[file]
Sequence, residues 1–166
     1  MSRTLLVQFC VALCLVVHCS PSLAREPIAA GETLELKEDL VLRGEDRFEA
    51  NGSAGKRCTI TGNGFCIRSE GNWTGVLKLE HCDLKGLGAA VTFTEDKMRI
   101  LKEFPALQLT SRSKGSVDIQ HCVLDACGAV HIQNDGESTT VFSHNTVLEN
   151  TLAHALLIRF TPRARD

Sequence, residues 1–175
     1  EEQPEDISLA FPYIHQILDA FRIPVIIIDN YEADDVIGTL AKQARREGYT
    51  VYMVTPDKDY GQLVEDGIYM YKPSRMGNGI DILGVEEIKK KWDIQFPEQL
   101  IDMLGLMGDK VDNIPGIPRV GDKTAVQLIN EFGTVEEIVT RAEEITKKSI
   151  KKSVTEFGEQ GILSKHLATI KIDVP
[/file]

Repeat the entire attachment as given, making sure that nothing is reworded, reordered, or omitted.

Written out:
Sequence, residues 1–166
     1  MSRTLLVQFC VALCLVVHCS PSLAREPIAA GETLELKEDL VLRGEDRFEA
    51  NGSAGKRCTI TGNGFCIRSE GNWTGVLKLE HCDLKGLGAA VTFTEDKMRI
   101  LKEFPALQLT SRSKGSVDIQ HCVLDACGAV HIQNDGESTT VFSHNTVLEN
   151  TLAHALLIRF TPRARD

Sequence, residues 1–175
     1  EEQPEDISLA FPYIHQILDA FRIPVIIIDN YEADDVIGTL AKQARREGYT
    51  VYMVTPDKDY GQLVEDGIYM YKPSRMGNGI DILGVEEIKK KWDIQFPEQL
   101  IDMLGLMGDK VDNIPGIPRV GDKTAVQLIN EFGTVEEIVT RAEEITKKSI
   151  KKSVTEFGEQ GILSKHLATI KIDVP